The Cherokee City Council decided to keep street work as the specific designation for the Local Option Sales Tax (LOST) that will be voted on Oct. 2.
Voters in the city of Cherokee, the city of Quimby and the unincorporated portion of the county will all vote on an extension on the one-cent sales tax but there will be three separate designations for use of the funds.
The revenue from the tax is collected throughout the county and divided among the municipalities and the county according to a formula based on total valuation and population. The amount designated for county use is based on valuation and population in the unincorporated part of the county (outside of city limits).
Quimby's participation in LOST expires at the conclusion of the current year but a vote cannot be taken on an extension or modification without entities representing at least half of the population of the county participating (the county's portion being restricted to those living in the unincorporated part of the county). So the county and Cherokee will participate with Quimby this year. Cherokee's 10-yeqr LOST does not expire until the end of 2011.
At the Cherokee City Council meeting on Tuesday, council members discussed the possibility of changing the designation of use for the revenue, projected to be about $450,000 next year, to provide some funding for community center projects. However, a vote on LOST failed twice in Cherokee and it was decided not to risk what council members thought was a vital funding source for street work.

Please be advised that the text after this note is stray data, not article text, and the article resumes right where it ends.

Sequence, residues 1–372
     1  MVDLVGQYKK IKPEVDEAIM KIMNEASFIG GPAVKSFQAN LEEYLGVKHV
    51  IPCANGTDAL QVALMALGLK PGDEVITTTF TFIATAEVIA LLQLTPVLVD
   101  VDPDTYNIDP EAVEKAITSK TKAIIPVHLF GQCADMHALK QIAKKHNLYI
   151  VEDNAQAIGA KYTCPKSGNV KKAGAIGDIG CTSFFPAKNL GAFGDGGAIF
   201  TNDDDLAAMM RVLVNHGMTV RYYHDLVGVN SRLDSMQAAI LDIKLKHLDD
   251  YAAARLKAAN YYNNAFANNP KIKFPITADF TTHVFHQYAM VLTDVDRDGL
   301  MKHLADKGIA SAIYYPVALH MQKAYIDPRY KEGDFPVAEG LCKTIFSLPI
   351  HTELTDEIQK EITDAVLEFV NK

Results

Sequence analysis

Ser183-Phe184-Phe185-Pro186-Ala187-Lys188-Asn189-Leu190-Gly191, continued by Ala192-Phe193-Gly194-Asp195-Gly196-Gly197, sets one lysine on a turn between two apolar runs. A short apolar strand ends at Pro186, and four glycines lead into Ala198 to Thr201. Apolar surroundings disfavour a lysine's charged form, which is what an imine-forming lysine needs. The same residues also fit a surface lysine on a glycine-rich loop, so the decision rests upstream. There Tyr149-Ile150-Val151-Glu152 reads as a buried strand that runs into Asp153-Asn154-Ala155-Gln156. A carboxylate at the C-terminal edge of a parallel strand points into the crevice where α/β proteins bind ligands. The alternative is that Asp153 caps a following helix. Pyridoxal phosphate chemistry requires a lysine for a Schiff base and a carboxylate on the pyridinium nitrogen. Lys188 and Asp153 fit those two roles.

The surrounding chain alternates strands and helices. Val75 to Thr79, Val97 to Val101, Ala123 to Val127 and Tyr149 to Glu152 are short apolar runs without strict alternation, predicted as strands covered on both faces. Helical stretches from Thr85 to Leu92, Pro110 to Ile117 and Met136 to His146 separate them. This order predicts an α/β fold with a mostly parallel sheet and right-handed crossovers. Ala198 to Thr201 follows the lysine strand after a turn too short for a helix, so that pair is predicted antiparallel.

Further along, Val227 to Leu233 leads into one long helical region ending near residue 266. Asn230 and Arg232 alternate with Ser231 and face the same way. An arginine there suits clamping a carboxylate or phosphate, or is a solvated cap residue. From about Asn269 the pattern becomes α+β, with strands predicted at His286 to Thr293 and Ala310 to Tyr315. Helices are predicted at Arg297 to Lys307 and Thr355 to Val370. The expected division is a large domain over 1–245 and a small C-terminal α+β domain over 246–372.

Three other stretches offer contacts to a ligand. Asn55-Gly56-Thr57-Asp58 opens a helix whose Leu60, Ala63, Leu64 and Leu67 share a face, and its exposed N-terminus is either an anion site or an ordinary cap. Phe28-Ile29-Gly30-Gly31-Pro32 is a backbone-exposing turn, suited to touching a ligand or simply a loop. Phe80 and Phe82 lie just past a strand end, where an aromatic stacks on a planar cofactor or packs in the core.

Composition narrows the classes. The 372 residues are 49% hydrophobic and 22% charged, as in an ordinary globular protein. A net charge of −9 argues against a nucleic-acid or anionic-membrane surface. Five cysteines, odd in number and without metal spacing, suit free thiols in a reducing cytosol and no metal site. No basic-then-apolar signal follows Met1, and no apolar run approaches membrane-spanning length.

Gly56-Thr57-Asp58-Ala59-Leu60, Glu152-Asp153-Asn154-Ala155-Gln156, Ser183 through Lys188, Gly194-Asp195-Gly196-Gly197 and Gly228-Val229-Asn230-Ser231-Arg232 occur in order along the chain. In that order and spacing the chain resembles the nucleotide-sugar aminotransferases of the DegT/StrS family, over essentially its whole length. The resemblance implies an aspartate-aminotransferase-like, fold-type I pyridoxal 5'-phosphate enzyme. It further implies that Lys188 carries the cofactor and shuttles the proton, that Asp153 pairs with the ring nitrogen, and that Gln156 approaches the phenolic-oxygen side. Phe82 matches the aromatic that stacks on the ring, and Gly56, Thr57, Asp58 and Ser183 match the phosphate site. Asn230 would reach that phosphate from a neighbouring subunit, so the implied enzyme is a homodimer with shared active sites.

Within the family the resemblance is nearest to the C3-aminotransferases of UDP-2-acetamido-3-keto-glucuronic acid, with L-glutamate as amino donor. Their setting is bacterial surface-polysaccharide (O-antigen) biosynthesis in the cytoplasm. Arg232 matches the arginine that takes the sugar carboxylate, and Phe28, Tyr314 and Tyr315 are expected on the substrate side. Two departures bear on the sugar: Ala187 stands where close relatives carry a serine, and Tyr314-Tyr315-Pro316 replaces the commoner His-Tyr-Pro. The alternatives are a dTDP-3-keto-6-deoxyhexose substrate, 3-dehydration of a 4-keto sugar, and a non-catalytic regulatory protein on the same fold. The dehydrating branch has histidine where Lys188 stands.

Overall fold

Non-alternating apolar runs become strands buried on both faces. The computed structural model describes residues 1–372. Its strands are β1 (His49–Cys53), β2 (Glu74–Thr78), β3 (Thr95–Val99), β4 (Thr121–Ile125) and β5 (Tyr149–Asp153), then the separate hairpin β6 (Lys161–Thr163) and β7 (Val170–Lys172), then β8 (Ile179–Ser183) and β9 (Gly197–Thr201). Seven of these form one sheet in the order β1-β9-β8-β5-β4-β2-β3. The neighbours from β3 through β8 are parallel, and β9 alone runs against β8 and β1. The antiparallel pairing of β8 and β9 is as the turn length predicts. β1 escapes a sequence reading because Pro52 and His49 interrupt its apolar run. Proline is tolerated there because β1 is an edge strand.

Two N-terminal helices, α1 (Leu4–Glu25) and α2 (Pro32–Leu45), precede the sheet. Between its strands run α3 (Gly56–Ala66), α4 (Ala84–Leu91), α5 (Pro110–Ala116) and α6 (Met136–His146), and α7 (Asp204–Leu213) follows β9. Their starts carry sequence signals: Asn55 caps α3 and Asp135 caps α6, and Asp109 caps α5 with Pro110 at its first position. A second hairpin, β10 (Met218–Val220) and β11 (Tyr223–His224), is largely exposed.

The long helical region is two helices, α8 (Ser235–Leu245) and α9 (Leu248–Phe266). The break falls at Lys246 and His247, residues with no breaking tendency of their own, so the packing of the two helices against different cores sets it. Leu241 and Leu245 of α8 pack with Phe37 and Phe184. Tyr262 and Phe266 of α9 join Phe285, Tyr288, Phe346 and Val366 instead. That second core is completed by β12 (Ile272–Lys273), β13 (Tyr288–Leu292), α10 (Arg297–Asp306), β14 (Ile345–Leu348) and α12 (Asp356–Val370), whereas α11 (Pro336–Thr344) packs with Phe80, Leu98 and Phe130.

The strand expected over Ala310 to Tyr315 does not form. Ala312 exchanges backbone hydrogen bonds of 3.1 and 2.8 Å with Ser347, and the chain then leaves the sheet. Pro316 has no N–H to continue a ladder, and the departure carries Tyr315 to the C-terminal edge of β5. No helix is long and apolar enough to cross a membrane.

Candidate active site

As with the ballot measure approved in 2001, the revenue can be used for street work, storm sewer work, water main replacement and sanitary sewer line replacement.
The only difference between this measure and the one previously approved in Cherokee is that this will not have an expiration date. If approved by the voters in Cherokee, the council can still end the tax but without council action, the tax will continue indefinitely.
It was noted at the council meeting that the county measure to be voted on Oct. 2 will not have an expiration date. It the city's LOST had an expiration date, the city could be in a position of not being able to renew LOST because there would not be entities representing over half the population participating in a renewal vote. All the entities other than the county, Cherokee and Quimby already have approved LOST measures that do not have expirations.
The Quimby City Council approved a LOST ballot measure that includes an expiration date after 10 years. As it stands now, Quimby will not have a means of renewing LOST once it expires next time if the county and Cherokee approve their LOST votes.